Lynn Margulis (1938-2011) who served as a Distinguished University Professor in the Department of Geosciences at the University of Massachusetts at Amherst, received the 1999 National Medal of Science from President Bill Clinton. She was a member of the U.S. National Academy of Sciences starting in 1983 and of the Russian Academy of Natural Sciences from 1997 forward. Author, editor, or coauthor of chapters in more than forty books, she published or had her work profiled in many journals,...See more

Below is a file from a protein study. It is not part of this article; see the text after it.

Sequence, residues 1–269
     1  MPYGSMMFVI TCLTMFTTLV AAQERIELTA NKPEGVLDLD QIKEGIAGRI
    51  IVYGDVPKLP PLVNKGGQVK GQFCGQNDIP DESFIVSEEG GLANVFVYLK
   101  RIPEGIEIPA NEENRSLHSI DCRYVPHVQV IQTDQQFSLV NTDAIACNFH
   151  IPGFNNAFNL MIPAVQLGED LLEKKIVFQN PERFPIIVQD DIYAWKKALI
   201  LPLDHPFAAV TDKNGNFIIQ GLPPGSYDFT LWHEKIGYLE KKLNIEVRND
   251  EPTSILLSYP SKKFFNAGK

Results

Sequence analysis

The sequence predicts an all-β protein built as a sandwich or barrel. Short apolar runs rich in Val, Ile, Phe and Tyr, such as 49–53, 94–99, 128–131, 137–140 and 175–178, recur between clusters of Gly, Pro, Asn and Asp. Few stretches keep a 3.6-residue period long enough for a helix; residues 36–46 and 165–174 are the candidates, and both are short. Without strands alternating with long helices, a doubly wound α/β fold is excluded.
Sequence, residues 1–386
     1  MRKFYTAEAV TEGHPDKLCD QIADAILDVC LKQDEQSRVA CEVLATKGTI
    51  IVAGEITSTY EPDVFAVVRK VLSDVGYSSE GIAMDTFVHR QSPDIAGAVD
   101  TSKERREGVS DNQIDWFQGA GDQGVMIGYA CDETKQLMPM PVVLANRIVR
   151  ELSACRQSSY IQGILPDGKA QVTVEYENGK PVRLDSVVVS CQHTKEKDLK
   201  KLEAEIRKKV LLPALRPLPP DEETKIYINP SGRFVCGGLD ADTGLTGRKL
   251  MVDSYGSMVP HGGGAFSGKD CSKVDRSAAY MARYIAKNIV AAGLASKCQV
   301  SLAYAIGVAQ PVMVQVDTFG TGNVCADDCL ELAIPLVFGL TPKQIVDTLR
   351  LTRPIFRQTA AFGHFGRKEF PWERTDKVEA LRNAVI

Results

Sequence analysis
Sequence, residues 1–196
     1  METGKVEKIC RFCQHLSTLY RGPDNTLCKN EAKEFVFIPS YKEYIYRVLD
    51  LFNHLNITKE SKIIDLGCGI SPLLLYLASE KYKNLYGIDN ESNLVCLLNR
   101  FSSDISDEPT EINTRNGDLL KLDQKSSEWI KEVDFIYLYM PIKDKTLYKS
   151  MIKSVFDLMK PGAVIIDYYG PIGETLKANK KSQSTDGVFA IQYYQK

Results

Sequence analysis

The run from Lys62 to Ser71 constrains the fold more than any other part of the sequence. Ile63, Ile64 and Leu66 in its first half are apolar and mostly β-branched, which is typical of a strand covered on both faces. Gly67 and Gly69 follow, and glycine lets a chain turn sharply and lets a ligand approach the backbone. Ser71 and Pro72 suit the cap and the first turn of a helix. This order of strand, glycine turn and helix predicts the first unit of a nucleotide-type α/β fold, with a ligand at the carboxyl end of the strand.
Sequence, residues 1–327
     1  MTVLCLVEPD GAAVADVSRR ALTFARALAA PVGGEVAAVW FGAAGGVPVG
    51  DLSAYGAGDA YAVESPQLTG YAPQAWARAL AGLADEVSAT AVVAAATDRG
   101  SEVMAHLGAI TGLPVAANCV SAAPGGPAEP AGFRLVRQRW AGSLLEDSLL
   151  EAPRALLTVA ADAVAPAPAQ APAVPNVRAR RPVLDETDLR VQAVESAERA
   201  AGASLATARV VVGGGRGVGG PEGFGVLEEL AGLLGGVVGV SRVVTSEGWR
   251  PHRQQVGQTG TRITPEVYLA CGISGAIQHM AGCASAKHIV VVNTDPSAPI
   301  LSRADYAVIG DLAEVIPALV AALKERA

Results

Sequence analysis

Lynn Margulis (1938-2011) who served as a Distinguished University Professor in the Department of Geosciences at the University of Massachusetts at Amherst, received the 1999 National Medal of Science from President Bill Clinton. She was a member of the U.S. National Academy of Sciences starting in 1983 and of the Russian Academy of Natural Sciences from 1997 forward. Author, editor, or coauthor of chapters in more than forty books, she published or had her work profiled in many journals, magazines, and books, among them Natural History, Science, Nature, New England Watershed, Scientific American, Proceedings of the National Academy of Sciences, Science Firsts , and The Scientific 100 . She made numerous contributions to the primary scientific literature of microbial evolution and cell biology. Margulis's theory of species evolution by symbiogenesis, put forth in Acquiring Genomes (co-authored with Dorion Sagan, 2002), describes how speciation does not occur by random mutation alone but rather by symbiotic détente. Behavioral, chemical, and other interactions often lead to integration among organisms, members of different taxa. In well-documented cases some mergers create new species. Intimacy, physical contact of strangers, becomes part of the engine of life's evolution that accelerates the process of change. Margulis worked in the laboratory and field with many other scientists and students to show how specific ancient partnerships, in a given order over a billion years, generated the cells of the species we see with our unaided eyes. The fossil record, in fact, does not show Darwin's predicted gradual changes between closely related species but rather the "punctuated equilibrium" pattern described by Eldredge and Gould: a jump from one to a different species. She worked on the "revolution in evolution" since she was a graduate student. In the last fifteen years of her life, Margulis co-authored several books with Dorion Sagan, among them What is Sex? (1997), What is Life? (1995), Mystery Dance: On the Evolution of Human Sexuality (1991), Microcosmos: Four Billion Years of Evolution from Our Microbial Ancestors (1986), and Origins of Sex: Three Billion Years of Genetic Recombination (1986). Her work with K.V. Schwartz provided a consistent formal classification of all life on Earth and has lead to the third edition of Five Kingdoms: An Illustrated Guide to the Phyla of Life on Earth (1998). Their classification scheme was generated from scientific results of myriad colleagues and its logical-genealogical basis is summarized in her single-authored book Symbiosis in Cell Evolution: Microbial Communities in the Archean and Proterozoic Eons (second edition, 1993). The bacterial origins of both chloroplasts and mitochondria are now well established. Since the mid-1970s, Margulis aided James E. Lovelock, FRS, in documenting his Gaia Theory, which posits that the Earth's surface interactions among living beings, rocks and soil, air and water have created a vast, self-regulating system. From the vantage of outer space the Earth looks like an amazing being; from the vantage of biochemistry it behaves in many ways like a giant organism. See less
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